Living "according to the rules" has a certain appeal, because you don't have to think about each situation and come up with a more creative response. Instead, you just follow the rules. It's life lived by a formula or recipe. Unfortunately, no rules can cover the nuances of each potential situation, others often don't know the correct recipe for how to behave (what's wrong with them?) and your responses become robotic and often not well suited to the situation. Worse, the more rules you have, the more often someone or some thing is always breaking them, and the more that happens the more you end up pissed off, anxious, sad, afraid, or in some other variety of suffering.
If you could let it be okay when someone breaks one of your rules, you wouldn't have to suffer. (Of course they wouldn't really be rules, then, would they?
This does not mean a person cannot be goal oriented and work toward making things they way they want them to be, but the emotionally healthy person prefers the outcome they seek rather than being addicted to it. That means they work toward what they want but, whatever the outcome, they maintain their equanimity and inner peace. This approach, then, is not fatalism or disinterest in the outcome, but rather a decision not to let the outcome throw you off-center. This is the meaning of upgrading your attachments to preferences, and the meaning of the "non-attachment" spoken of in Eastern philosophy (and spoken of by Jesus Christ in other ways).
The key to handling challenging thoughts, situations, and feelings is therefore not in resisting them, but rather in becoming as fully accepting of them as possible. Accept what you think and feel, and what happens around you, even if what you think and feel is uncomfortable or what is happening is not as you would have preferred.
Here, then, is a KEY point. Though it looks as if our discomfort is created by the thing we don't like, or are otherwise resisting, in actual fact the discomfort we feel is 98-99% (maybe even 100%) caused by our resistance to it, and only 1-2% (or none at all?) from the thing itself. When we stop resisting, the discomfort stops also. It may look like the person, thing, event, or whatever, is creating our discomfort, but it really is our reaction to it, our unwillingness to accept it, that creates the discomfort.
Everyone has had something happen in their life that they strongly resisted, but ultimately came to terms with — a relationship that ended, for instance. At first, you go through all kinds of suffering, but at a certain point you move on and accept what has happened. At that exact moment, the suffering stops. Similarly, we've all heard of people who find out they are going to die soon from a fatal illness and who become totally peaceful about it once they accept the fact that it is happening. It's not what happens, it's our reaction to it!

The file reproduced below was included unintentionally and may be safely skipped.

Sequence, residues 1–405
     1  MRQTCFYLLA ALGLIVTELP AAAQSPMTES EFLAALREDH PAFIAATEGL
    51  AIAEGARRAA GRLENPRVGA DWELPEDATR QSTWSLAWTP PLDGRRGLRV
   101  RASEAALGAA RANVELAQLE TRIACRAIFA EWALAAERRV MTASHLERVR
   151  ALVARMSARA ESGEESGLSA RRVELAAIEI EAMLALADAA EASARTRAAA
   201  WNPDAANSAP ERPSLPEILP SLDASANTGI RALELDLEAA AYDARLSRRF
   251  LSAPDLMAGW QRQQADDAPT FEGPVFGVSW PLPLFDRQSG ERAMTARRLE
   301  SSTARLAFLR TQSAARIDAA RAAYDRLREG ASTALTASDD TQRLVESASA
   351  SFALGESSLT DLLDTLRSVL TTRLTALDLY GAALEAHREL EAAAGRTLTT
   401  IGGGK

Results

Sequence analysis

Through acceptance, you empower yourself to heal, transform, or release any unresolved mental or emotional material. Unless and until you can accept what you think and feel as a manifestation of reality, you will remain attached to toxic attitudes and beliefs. But by being fully present to, and accepting of, your thoughts and feelings you open the pathway for the subconscious to reorganize itself to progressively higher levels of functioning. When you sense discomfort you are sensing resistance. When you sense resistance, meet it with acceptance. Ironically, once you stop resisting, you are much more effective in creating any external change you may have a preference for (not an attachment to).
This all ends up being nothing but platitudes if you don't take some kind of definite step to put it into practice. One thing that helps, of course, is using the Centerpointe program for meditation every day. Stimulating the brain with Holosync creates the kind of expanded awareness that makes it easier to let whatever happens be okay. One of the characteristics of someone who has been in the program a while is that very little can move him or her off center.
The second thing you can do is the 3x5 card exercise I described earlier. As you begin to pay attention to your response to what is happening, it will become more and more clear to you that you create your own suffering and that it does NOT come from your environment. This will make it more and more difficult to keep creating the suffering you've so far been attached to. When this happens, a whole new world opens up for you, and believe me, you will like it!
So get out that 3x5 card and start using it. And keep using the program.
Bill Harris, Director
Centerpointe Research Institute